The robots.txt file also has its syntax with Allow and Disallow rules:

  • User-agent: defines to which crawler the rule applies.
  • The wildcard (*) means that the directive applies to all search engines. 
  • The slash (/) names the path to which the rule applies.
  • The $ sign means the end of the URL. 
  • The hashtag symbol (#) starts the phrase with comments inside the text file.

Different search engines may follow the directives differently. For instance, Google abandoned using the directives noindex, crawl-delay, and nofollow from robots.txt. Besides, there are special crawlers like Googlebot-Image, Bingbot, Baiduspider-image, DuckDuckBot, AhrefsBot, etc. So, you can define the rules for all search bots or separate rules for only some of them.

Writing instructions for robots.txt may become quite tricky, so the rule here is to have fewer instructions and more common sense. Below are a few examples of setting the robots.txt instructions.

Full access to the domain. In this case, the disallow rule is not filled in.

User-agent: *

Full blocking of a host.

 User-agent: *
    Disallow: /

The instruction disallows crawling all URLs starting with upload after the domain name.

User-agent: *
Disallow: /upload

The instruction disallows Googlebot-News to crawl all gif files in the news folder.

User-agent: Googlebot-News
Disallow: /news/*/gifs$

Keep in mind that if you set some general instruction A for all search engines and one narrow instruction B for a specific bot, then the specific bot may follow the narrow instruction and perform all other general rules as set by default for the bot, as it won’t be restricted by the rule A. For example, like in the rule below:

User-agent: *
    Disallow: /tmp/
User-agent: AdsBot-Google-Mobile
    Disallow: /gallery/*/large.tif$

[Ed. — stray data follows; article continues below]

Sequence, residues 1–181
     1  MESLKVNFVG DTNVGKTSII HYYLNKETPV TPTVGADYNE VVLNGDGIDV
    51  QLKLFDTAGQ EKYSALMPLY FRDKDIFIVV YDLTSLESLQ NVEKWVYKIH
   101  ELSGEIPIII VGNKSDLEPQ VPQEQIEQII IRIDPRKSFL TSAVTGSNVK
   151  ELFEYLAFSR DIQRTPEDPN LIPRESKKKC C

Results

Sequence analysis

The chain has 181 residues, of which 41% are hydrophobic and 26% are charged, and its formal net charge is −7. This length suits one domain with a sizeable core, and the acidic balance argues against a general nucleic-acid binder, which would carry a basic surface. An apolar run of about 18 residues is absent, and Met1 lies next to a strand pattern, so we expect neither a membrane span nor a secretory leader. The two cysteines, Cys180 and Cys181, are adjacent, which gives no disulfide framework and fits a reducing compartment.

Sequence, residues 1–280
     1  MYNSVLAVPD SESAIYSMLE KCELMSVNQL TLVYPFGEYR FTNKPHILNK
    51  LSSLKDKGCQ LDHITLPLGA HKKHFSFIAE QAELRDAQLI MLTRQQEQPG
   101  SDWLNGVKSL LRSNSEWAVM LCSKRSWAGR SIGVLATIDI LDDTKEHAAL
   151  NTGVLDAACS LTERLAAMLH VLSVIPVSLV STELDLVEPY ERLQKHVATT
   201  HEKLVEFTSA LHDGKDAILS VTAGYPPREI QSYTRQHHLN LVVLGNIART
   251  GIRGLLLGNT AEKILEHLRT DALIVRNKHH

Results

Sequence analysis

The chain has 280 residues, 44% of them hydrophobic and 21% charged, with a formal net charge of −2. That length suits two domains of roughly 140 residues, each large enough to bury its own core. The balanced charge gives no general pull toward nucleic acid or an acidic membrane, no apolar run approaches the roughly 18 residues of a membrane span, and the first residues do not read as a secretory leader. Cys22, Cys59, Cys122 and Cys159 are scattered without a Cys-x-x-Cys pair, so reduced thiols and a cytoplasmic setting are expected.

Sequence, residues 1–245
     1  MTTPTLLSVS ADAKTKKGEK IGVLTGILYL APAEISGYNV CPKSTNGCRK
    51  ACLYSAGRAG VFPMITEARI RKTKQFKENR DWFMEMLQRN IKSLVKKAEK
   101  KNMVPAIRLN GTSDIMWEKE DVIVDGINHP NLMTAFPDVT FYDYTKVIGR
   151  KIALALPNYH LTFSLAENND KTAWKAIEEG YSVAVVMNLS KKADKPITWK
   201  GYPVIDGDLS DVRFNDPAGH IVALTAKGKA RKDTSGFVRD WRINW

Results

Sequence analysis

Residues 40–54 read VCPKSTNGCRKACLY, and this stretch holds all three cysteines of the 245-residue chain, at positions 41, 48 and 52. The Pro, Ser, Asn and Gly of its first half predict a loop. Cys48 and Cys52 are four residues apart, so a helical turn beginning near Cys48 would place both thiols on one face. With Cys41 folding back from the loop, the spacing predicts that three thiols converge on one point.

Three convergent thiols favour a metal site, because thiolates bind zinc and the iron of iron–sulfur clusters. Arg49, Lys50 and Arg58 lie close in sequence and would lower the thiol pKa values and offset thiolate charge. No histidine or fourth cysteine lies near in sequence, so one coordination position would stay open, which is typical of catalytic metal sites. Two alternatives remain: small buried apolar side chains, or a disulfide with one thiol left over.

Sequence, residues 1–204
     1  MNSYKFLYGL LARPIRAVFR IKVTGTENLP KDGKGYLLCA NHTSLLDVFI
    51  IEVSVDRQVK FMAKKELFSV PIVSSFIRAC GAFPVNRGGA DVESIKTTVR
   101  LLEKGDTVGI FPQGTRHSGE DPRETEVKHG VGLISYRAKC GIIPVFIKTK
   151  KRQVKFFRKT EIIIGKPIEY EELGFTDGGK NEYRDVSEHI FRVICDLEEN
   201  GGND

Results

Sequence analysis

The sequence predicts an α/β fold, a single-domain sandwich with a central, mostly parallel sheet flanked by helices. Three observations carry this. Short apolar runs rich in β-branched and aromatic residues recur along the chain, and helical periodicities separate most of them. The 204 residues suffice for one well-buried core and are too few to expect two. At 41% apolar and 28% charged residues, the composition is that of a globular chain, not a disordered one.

Here, AdsBot-Google-Mobile may crawl files in the tmp folder despite the instruction with the wildcard * mark.

One of the typical uses of the robots.txt files is to indicate where the Sitemap rests. In this case, you do not need to mention user agents, as the rule applies to all crawlers. Sitemap should start with the capitalized S (remember that robots.txt file is case-sensitive), and the URL has to be absolute (i.e., it should start with the full domain name).


Bear in mind that if you set contradictory instructions, crawler bots will give priority to the longer instruction. For example:

User-agent: *
    Disallow: /admin
    Allow: /admin/js/global.js

Here, the script /admin/js/global.js will still be allowed for crawlers despite the first instruction. All other files in the admin folder will still be disallowed.

You can check the availability of the robots.txt file in WebSite Auditor. It also lets you generate the file using the robots.txt generator tool, with further saving or uploading it straight to the website via FTP.

Be aware that the robots.txt file is publicly available, and it may expose some pages instead of hiding them. If you want to hide some private folders, make them password-protected.

Finally, the robots.txt file does not guarantee that the disallowed page won’t be crawled or indexed. Blocking Google from crawling a page is likely to remove it from Google's index, however, the search bot still may crawl the page following some backlinks pointing to it. So, here is another way to block a page from crawling and indexing — meta robots.

3. Meta robots tags

Meta robots tags are a great way to instruct crawlers how to treat individual pages. Meta robots tags are added to the <head> section of your HTML page, thus the instructions are applicable to the whole page. You can create multiple instructions by combining robots meta tag directives with commas or by using multiple meta tags. It may look like this:

<!DOCTYPE html>
<meta name="robots" content="noindex", "follow" />

You can specify meta robots tags for various crawlers, for example

<meta name="googlebot" content="noindex">
<meta name="googlebot-news" content="nosnippet">

Google understands such tags as:

  • noindex to keep the page out of search index;
  • nofollow not to follow the link, 
  • none that corresponds to noindex, nofollow; 
  • noarchive telling Google not to store a cached copy of your page. 

The opposite tags index / follow / archive override the corresponding prohibiting directives. There are some other tags telling how the page may appear in search results, such as snippet / nosnippet / notranslate / nopagereadaloud / noimageindex.